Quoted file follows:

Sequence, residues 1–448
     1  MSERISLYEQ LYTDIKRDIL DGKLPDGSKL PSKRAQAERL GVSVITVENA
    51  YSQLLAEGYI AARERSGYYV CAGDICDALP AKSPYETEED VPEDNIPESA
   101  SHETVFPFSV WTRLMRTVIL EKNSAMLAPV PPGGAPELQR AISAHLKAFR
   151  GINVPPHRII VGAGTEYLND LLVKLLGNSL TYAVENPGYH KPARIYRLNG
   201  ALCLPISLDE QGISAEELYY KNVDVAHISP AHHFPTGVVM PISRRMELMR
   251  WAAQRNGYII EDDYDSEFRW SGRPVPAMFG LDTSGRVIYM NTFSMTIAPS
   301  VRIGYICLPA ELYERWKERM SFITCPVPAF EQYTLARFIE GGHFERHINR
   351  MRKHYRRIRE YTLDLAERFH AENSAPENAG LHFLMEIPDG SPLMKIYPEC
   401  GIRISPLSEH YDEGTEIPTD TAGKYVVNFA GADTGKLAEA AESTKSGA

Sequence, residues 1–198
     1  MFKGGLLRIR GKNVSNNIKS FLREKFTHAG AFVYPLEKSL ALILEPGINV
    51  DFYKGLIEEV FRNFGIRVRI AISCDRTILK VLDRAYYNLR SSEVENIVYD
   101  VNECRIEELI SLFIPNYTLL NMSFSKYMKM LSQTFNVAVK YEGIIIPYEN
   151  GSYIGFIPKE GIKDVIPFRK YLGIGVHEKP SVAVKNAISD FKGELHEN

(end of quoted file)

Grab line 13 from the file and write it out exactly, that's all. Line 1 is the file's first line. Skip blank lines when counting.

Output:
    51  DFYKGLIEEV FRNFGIRVRI AISCDRTILK VLDRAYYNLR SSEVENIVYD